(Literary Masterpieces, Volume 18)

Jules Witcover’s Marathon is the veteran reporter’s story of the 1976 presidential election campaign. Witcover, a Washington correspondent since 1954, covered the campaign from the opening primary to the election for The Washington Post. He follows the candidates through the primaries and the search for delegates in the nonprimary states, at the conventions, and through the fall campaign. As he details events of the campaign, Witcover analyzes the rules governing the primaries, caucuses, and conventions. Throughout the book he discusses the effects of the new public campaign financing law and examines the candidates’ tactics and strategies.

The candidates’ staffs played a major role in planning campaign strategies. Although the author attempts to describe and analyze the type of organization the candidates had in each state, his treatment of this subject is spotty and varies considerably from candidate to candidate. It is not clear whether the failure to discuss the organization of a particular candidate is a result of the candidate’s lack of organization and the reliance instead on mass media, or a judgment by the author that the details would detract from the ongoing story. Witcover carefully investigates the skills of the candidates and their staffs to assess and take maximum advantage of the law for federal funding of presidential elections.

Witcover recognizes the impact the funding of an election by the federal government has on our system of elections. The 1974 federal financing legislation made a dramatic departure from the traditional pattern of financing campaigns in the United States. There is excellent coverage of the critical impact of the hiatus and subsequent delays which occurred in the matching of funds during the primary phase of the campaign. The delays resulted from the Supreme Court’s decision that the structure of the Federal Election Commission was unconstitutional. Candidates were affected differently by the erratic federal matching of primary funds.

Another major effect of the federal campaign reform law was to encourage a large number of candidates to contest for the Democratic nomination. Although this was a factor contributing to the challenge of an incumbent, the more important factor no doubt was the nature of the incumbency. Because President Ford was appointed to the Vice Presidency and became President only upon the resignation of President Nixon, he could not claim all the advantages an incumbent normally has. There is excellent treatment of the expert use Ford made of the advantages of the incumbency that were available. The timely announcement of federal installations, for example, received wide news coverage. However, the billing for the use of Air Force One when matching funds were temporarily suspended did not. This delay in billing financed the President until funds were again forthcoming from the Federal Election Commission.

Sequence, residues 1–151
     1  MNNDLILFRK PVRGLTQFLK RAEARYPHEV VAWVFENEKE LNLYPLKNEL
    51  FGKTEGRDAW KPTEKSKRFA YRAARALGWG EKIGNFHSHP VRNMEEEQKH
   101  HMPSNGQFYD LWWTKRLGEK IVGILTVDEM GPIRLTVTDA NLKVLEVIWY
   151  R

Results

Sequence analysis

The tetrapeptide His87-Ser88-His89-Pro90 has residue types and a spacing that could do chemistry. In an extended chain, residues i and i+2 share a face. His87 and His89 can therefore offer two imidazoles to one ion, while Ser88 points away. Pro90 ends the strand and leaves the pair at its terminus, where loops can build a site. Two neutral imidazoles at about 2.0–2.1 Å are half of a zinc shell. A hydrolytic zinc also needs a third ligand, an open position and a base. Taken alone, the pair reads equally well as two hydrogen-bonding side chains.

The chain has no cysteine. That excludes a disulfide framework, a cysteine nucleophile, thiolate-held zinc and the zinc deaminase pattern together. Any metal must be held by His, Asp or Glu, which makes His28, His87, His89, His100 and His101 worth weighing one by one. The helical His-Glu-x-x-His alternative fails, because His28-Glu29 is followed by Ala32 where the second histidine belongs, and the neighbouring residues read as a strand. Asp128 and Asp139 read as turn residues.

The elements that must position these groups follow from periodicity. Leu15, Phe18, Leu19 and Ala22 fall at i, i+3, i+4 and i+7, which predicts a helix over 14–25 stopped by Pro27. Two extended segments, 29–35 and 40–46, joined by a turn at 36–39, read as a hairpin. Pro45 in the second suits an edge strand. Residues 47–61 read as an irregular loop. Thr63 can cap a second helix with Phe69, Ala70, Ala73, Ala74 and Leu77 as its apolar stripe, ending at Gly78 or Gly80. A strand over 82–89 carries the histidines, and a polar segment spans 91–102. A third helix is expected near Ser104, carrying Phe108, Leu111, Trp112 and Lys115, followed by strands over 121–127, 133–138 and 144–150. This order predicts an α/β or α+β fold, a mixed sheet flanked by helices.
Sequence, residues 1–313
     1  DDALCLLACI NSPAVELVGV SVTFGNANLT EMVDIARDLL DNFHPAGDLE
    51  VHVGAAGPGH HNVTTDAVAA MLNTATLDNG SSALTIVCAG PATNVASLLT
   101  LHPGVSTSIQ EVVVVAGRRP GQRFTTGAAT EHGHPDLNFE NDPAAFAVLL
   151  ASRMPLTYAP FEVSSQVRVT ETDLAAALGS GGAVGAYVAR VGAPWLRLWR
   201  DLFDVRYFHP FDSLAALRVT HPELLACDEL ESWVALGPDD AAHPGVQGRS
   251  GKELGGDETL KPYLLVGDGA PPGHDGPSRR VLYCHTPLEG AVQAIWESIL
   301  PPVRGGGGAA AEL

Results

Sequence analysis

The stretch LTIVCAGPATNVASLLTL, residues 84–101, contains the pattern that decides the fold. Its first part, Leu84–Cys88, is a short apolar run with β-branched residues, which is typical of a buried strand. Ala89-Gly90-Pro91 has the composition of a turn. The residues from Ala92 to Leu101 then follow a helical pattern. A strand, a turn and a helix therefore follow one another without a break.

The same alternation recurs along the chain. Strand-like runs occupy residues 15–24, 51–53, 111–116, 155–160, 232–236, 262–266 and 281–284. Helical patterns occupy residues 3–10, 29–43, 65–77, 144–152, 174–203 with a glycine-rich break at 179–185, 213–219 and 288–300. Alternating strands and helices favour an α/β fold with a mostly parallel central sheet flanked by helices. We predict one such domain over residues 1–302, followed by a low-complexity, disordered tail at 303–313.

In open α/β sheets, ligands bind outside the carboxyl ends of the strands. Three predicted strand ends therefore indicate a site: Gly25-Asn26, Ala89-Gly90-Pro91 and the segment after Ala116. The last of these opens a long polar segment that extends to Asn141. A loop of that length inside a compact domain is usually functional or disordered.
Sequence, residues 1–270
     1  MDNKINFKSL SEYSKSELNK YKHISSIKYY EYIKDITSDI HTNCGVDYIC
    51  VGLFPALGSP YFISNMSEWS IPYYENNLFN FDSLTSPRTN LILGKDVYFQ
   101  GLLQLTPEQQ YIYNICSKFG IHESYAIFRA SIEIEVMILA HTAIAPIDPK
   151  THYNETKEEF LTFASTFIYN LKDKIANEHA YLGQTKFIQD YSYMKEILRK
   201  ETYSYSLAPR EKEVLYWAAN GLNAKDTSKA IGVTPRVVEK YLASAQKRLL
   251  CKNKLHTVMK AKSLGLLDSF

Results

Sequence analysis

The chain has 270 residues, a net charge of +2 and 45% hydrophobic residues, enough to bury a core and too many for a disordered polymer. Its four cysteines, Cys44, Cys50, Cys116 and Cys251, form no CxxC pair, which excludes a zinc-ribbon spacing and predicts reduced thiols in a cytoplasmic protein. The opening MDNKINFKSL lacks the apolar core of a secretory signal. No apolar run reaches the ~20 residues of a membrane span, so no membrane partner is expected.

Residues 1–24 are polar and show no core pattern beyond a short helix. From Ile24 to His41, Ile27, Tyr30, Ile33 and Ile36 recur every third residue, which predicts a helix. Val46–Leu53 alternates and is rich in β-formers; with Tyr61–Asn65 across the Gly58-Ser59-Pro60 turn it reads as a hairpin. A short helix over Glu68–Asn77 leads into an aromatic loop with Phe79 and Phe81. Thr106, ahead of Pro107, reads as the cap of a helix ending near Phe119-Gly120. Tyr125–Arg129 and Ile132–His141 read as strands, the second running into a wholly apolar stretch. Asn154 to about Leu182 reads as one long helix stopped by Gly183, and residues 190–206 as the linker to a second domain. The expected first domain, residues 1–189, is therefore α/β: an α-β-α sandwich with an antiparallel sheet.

Federal election funding was not the only new element to which presidential candidates had to adjust in their pursuit of the nation’s highest office. The great increase in the number of primaries in 1976 over 1972 was another change, and the candidates selected different strategies to deal with it. The candidate who chose to enter all the primaries could afford to lose a few if he won some early ones, while the candidate who chose to run in only a few had greater pressure to win those he did enter.

Another major change in the procedure of 1976 was the open caucus, which was the first step in a series of caucuses held at higher and higher levels within a state. The first caucus was in Iowa before the New Hampshire primary. The early date may explain the enormous attention it received from the media. The Iowa caucus was extremely important to Jimmy Carter because he made a showing strong enough to be considered seriously on the national scene.

One facet of presidential campaigning that did not change in 1976 was the attention given to the issues. Witcover does not give a great deal of attention to the issues, and in large measure this represents an accurate reading of the role of issues in our presidential elections. However, the book does suffer somewhat because of this paucity of attention to issues, for Witcover labels candidates as liberal or conservative without explanation or explicit justification. In the early primaries Carter is described as operating in a clear field on the conservative side while, with the exception of Senator Jackson, the remainder of the Democratic candidates were liberals who were dividing the field. It is reasonable to expect some evidence to justify and explain the choice of labels.

The book would be much more valuable in understanding and evaluating President Carter today if more attention had been paid to his position on the issues. Since the charge of being fuzzy on issues did itself become an issue toward the end of the primaries and in the fall campaign, a more detailed coverage of Carter’s position would have provided a better basis for determining whether the charge was valid. In fairness, it should be said that Witcover provides an excellent discussion of the statements made by Carter in regard to ethnic purity and a fair and detailed presentation of Carter’s answers to reporters’ questions. However, the generally inadequate discussion of...

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(Literary Masterpieces, Volume 18)

Atlantic. CCXL, September, 1977, p. 90.

Best Sellers. XXXVII, October, 1977, p. 216.

Economist. CLXIV, September 24, 1977, p. 137.

New York Review of Books. XXIV, August 4, 1977, p. 3.

New York Times Book Review. August 14, 1977, p. 11.

Newsweek. XC, July 18, 1977, p. 88.

Progressive. XLI, September, 1977, p. 40.